Friday, September 26, 2014

Rooting for the Cubs? Here's the Novel For You

In between the sun setting on the baseball season in October and the sun rising again in late February for spring training, baseball fans across the country speculate about what the next season will bring. This can be a tough time for a Chicago Cubs fan. Actually, in general, being a Cubs fan is not for the faint of heart.
The Cubs haven’t won a World Series since 1908. Wrigley Field turns 100 this year and it has never witnessed a World Series victory. For 106 years, Cubs fans across the country have been waiting for the “loveable losers” to win.
If you’re a long-suffering Cubs fan, I have a novel that might help you keep the fire burning. Abner’s Story, by Michael Bellito, is about two teenagers(named as it happens after Bellito’s real-life sons) who interview an older man. The older man turns out to be one of the last people to remember a Cubs World Series victory.

Bellito was inspired to write the book after his uncle passed away a few years ago. His uncle had a story about ditching high school with a friend in 1945 to attend a World Series game at Wrigley Field. While he was there, he purchased a program—now a prized possession of Bellito. As a loyal baseball fan, the author has attended numerous baseball games with his son Matthew. Every playoff game that Bellito has attended resulted in a win!

Abner’s Story is a feel-good story great for all ages and especially for passionate fans of baseball. The lead characters, Matt and Jason, are easy to get behind and root for. Whether you’re a baseball history buff or are barely aware of the consistent struggles at Wrigley Field, the author discusses the long struggle in a way that will bring newcomers along without boring more advanced readers. (One example: I always enjoy when a book can smartly include a reference to Babe Ruth without going off on tangent or distracting from the storyline. Abner’s Story pulls this off nicely.)

If you enjoy Abner’s Story as much as I did, you might enjoy Bellito’s other books, Ten Again and First Time Around.

Monday, September 1, 2014

Like Father, Like Sons: How Arthur D'Angelo's Sons Continue His Sports Merchandising Business

On Sunday June 15th, families gathered around the dinner table to celebrate Father’s Day. But the D’Angelo family in Boston prefers to do something different.  “We work six or seven days per week, especially during the baseball season,” says Bobby D’Angelo, Vice President at ’47 Brand. ’47 Brand is a sports lifestyle brand and is also an official licensing partner of the MLB, NBA, NFL, and many other professional sports organizations.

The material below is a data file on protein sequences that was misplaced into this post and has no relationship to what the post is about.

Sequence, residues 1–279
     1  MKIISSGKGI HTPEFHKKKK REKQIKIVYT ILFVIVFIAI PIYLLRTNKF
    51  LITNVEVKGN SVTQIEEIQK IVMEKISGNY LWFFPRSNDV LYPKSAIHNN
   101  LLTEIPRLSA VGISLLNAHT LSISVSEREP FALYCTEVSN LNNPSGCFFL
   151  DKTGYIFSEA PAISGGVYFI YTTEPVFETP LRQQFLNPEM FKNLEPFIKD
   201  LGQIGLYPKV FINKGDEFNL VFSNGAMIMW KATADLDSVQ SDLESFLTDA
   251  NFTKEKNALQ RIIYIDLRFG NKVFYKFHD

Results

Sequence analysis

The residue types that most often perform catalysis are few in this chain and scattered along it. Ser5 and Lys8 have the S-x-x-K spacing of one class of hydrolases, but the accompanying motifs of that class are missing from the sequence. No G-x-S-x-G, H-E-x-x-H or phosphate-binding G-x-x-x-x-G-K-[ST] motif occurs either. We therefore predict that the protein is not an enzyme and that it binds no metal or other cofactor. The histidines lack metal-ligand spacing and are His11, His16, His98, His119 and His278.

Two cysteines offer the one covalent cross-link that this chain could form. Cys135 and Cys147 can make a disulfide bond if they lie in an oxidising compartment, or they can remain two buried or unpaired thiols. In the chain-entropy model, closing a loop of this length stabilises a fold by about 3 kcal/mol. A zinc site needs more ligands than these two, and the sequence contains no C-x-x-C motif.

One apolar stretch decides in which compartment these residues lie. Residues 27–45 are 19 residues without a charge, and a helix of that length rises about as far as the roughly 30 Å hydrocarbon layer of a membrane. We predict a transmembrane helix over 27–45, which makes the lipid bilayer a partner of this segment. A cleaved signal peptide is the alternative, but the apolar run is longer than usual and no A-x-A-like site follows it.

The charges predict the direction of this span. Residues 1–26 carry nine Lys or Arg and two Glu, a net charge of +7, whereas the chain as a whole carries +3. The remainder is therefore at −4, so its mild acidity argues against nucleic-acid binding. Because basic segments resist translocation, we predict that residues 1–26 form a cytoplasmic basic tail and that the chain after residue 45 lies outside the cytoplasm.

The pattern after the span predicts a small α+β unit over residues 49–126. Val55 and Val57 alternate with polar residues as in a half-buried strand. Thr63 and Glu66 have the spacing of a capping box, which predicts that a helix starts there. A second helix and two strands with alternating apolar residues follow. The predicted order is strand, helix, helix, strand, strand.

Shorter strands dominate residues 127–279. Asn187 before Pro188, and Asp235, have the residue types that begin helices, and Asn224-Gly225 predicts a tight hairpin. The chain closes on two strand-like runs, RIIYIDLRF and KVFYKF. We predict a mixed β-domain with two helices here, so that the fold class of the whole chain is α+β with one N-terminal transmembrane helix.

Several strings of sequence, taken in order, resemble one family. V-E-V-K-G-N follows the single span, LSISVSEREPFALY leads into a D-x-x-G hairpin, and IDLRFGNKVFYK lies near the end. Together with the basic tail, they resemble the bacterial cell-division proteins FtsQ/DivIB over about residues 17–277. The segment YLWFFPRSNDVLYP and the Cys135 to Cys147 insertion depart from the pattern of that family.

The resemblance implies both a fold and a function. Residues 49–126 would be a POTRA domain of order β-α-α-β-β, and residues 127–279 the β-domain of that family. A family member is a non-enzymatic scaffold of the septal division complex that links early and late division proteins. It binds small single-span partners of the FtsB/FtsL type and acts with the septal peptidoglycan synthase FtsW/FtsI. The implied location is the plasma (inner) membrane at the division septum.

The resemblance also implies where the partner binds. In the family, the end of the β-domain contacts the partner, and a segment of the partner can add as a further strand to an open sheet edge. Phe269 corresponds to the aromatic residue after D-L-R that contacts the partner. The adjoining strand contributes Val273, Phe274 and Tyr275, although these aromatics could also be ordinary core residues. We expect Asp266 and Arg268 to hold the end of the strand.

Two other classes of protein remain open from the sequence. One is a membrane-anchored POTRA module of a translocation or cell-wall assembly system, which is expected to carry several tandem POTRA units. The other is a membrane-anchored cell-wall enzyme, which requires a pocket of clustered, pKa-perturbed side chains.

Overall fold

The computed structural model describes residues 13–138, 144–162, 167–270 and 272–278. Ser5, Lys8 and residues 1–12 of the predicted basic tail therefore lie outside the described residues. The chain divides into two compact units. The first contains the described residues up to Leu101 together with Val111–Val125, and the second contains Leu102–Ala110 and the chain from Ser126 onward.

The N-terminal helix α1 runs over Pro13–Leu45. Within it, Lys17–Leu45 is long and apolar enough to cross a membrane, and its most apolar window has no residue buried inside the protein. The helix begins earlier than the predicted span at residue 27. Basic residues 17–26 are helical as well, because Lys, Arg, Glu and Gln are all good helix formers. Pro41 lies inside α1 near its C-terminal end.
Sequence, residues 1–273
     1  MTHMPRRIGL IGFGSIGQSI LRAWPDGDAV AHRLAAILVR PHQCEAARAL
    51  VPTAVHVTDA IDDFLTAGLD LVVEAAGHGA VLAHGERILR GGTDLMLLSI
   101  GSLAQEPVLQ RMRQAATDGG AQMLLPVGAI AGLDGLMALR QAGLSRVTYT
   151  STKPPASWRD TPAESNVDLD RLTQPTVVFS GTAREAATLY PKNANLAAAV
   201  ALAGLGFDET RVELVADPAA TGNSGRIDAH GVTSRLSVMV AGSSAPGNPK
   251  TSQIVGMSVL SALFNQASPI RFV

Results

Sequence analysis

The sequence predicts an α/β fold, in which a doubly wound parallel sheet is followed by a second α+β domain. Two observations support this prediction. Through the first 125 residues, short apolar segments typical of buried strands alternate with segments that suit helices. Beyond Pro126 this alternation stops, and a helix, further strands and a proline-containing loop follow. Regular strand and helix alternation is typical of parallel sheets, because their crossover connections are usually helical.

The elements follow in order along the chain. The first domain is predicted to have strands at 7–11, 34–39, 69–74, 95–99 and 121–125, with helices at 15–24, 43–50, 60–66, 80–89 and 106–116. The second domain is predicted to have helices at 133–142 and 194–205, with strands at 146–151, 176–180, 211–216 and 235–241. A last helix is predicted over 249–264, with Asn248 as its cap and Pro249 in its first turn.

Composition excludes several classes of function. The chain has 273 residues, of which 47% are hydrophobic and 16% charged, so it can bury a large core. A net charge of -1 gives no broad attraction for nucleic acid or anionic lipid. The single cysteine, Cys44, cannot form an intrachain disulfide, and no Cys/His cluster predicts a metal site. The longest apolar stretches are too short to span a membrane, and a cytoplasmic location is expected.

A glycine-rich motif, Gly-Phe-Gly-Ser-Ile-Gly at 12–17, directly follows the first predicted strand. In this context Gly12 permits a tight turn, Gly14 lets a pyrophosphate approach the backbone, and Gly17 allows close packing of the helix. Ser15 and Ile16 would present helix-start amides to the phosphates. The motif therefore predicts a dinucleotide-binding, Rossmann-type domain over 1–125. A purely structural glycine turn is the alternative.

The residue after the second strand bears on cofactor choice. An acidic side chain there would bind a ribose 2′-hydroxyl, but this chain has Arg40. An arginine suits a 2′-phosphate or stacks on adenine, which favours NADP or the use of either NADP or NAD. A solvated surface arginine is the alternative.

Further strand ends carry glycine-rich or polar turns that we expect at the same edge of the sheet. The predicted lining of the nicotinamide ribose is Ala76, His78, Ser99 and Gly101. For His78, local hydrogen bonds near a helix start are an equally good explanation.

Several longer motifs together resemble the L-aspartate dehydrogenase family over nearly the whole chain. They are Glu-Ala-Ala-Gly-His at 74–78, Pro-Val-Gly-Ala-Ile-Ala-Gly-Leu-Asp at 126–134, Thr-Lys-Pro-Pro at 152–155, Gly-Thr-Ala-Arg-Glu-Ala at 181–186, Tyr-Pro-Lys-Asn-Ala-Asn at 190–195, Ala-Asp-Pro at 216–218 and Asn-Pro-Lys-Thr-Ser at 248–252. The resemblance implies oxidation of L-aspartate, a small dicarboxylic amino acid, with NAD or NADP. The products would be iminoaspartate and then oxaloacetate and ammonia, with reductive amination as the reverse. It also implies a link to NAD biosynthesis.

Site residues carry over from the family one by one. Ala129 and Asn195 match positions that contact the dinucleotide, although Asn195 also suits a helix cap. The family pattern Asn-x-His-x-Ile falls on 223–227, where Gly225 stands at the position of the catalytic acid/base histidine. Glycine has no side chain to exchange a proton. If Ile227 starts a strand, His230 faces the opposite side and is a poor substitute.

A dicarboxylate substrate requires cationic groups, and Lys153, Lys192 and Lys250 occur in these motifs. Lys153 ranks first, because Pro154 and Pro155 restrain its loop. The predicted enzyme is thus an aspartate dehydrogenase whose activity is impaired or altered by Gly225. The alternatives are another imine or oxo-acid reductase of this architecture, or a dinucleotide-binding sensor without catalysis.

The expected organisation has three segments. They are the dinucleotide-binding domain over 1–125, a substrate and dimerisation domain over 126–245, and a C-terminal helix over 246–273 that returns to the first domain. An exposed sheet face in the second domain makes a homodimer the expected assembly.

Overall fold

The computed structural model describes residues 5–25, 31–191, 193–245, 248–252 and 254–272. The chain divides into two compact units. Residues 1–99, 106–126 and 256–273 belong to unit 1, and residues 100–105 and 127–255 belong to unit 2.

The company was started by patriarch Arthur D’Angelo who, at the age of 86, still works at the flagship location outside of Fenway Park in Boston. Arthur and his twin brother started selling newspapers for two cents in the early 1940s. As Italian immigrants, the family didn’t speak a single word of English.  But “two cents” was the price of a newspaper and the brothers started to learn how to pronounce the phrase. Arthur quickly learned how to upsell and cross-sell as he started to also sell peanuts, ice cream, and flowers. Eventually, the twins acquired and operated a dry cleaning business. Hall of Famer Ted Williams was a friend of Arthur’s and also a client. Arthur would pick up and deliver the dry cleaning to Williams on a regular basis.
Arthur D'Angelo.
Today, Arthur’s four sons run the family business and have grown annual sales to over $200 million. In 2013, the Red Sox honored Arthur and ’47 Brand: The private road leading up to Fenway Park from Yawkey Way was re-named “Arthur’s Way” in honor of Arthur D’Angelo, and Arthur threw out the first pitch before a ballgame.

April 15th, 2013 is a day that the Boston community will never forget. Bobby was at the ’47 Brand flagship location in Fenway Park when a passerby told him about the Boston Marathon bombing. “At first I didn’t believe it, but I turned on the TV and saw the chaos. Our team immediately wanted to do something to assist the victims. We got approval to sell the Boston Strong shirts and donated the proceeds to The One Fund, a charity formed to assist the victims and family members affected by the Boston Marathon tragedy. On September 21st, 2013, we presented a check for over $1.4 million to the Mayor of Boston to assist the victims.”

The D’Angelo family legacy will likely be painted and sculpted in the years to come. However, “the goal for my children is to have the same respect for me that my father’s kids have for him. We are all trying to be the best husbands and fathers that we can be.”

Thanks to the D’Angelo family.